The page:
A near-peer conflict between the U.S. and China will be a nightmare lived in real life. Just how scary the nightmare of war might be is dependent on what is done now. As policymakers and war planners prepare for the potential of near-peer conflict — the biggest fight of modern times — two imperatives must be considered: the rapid investment and fielding of highly employable technology, and greater autonomy and expectations from novel warfighters on the battlefield.
In a recent conversation at the Australian Strategic Policy Institute, Commandant of the Marine Corps Gen. David Berger said that we will have to use everything in the cupboard to prevent conflict with China. At present, open-source war games predict that American fire power and expertise would prevail in a conflict with China. However, the current “victory gap,” is not static, and our military advantage over a near-peer adversary is not guaranteed in perpetuity.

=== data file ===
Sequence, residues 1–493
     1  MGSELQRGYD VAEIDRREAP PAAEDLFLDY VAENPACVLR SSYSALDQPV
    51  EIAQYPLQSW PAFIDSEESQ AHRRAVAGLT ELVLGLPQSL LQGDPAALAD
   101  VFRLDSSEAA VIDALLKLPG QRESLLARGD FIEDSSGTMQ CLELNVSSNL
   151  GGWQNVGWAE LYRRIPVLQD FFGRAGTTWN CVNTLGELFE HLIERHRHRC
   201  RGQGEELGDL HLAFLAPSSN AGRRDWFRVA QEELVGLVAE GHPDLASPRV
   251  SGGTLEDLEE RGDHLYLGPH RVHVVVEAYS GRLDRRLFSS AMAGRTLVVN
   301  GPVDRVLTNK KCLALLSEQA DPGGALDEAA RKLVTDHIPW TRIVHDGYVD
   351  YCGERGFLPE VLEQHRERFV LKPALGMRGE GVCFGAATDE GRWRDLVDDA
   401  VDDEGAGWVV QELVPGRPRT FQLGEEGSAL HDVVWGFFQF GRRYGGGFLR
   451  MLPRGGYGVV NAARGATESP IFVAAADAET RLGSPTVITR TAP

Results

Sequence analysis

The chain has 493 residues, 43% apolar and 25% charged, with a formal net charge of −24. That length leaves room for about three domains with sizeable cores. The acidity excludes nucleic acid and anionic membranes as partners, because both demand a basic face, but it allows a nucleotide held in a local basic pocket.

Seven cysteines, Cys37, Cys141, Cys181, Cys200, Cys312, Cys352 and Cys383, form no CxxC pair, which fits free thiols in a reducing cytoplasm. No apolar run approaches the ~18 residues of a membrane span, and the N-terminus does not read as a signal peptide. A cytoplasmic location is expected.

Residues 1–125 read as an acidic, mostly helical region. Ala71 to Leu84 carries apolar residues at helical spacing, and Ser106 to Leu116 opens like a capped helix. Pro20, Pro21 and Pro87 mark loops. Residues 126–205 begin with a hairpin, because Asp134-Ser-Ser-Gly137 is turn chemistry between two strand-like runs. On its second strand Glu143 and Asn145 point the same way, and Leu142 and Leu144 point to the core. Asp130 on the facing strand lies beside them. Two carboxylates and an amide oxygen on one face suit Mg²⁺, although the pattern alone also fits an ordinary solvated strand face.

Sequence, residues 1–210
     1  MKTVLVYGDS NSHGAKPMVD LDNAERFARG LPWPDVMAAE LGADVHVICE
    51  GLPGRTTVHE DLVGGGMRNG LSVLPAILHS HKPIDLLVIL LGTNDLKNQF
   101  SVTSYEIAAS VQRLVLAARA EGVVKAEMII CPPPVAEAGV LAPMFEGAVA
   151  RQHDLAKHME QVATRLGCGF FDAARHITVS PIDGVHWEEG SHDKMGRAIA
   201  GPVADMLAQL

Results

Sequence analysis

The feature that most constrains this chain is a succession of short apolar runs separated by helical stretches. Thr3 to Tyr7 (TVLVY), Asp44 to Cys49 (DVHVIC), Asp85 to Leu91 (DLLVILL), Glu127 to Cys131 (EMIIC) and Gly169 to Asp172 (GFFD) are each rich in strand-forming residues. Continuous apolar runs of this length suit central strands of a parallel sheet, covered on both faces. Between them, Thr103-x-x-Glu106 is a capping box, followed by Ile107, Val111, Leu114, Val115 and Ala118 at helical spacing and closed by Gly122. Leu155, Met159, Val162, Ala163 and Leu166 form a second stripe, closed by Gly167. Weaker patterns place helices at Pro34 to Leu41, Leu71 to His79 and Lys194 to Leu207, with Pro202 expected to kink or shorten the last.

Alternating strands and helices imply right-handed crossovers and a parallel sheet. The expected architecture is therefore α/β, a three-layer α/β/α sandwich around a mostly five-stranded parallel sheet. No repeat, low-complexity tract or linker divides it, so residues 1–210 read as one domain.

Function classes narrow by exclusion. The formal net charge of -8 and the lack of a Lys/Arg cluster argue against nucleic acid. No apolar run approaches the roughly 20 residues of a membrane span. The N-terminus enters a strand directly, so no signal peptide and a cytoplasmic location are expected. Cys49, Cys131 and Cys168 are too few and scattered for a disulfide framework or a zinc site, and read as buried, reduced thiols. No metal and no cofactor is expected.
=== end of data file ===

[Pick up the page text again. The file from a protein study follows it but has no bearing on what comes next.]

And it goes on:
The Department of Defense and Congress must push the envelope harder to reduce the time it takes to field and acquire new systems—technology at the speed of relevance.
While progress has been made to step up the pace of acquiring new weapon systems through existing acquisition authorities, it can be argued that much more speed is needed to ensure the force is ready for the next fight. This will mean more robust legislative reforms that entrust the Department of Defense with the authority to speed up the acquisition of emerging technology from future years to real-time relevance. It may even mean a radical idea: Buy now and report as soon as possible.
Read the full article from Defense News.
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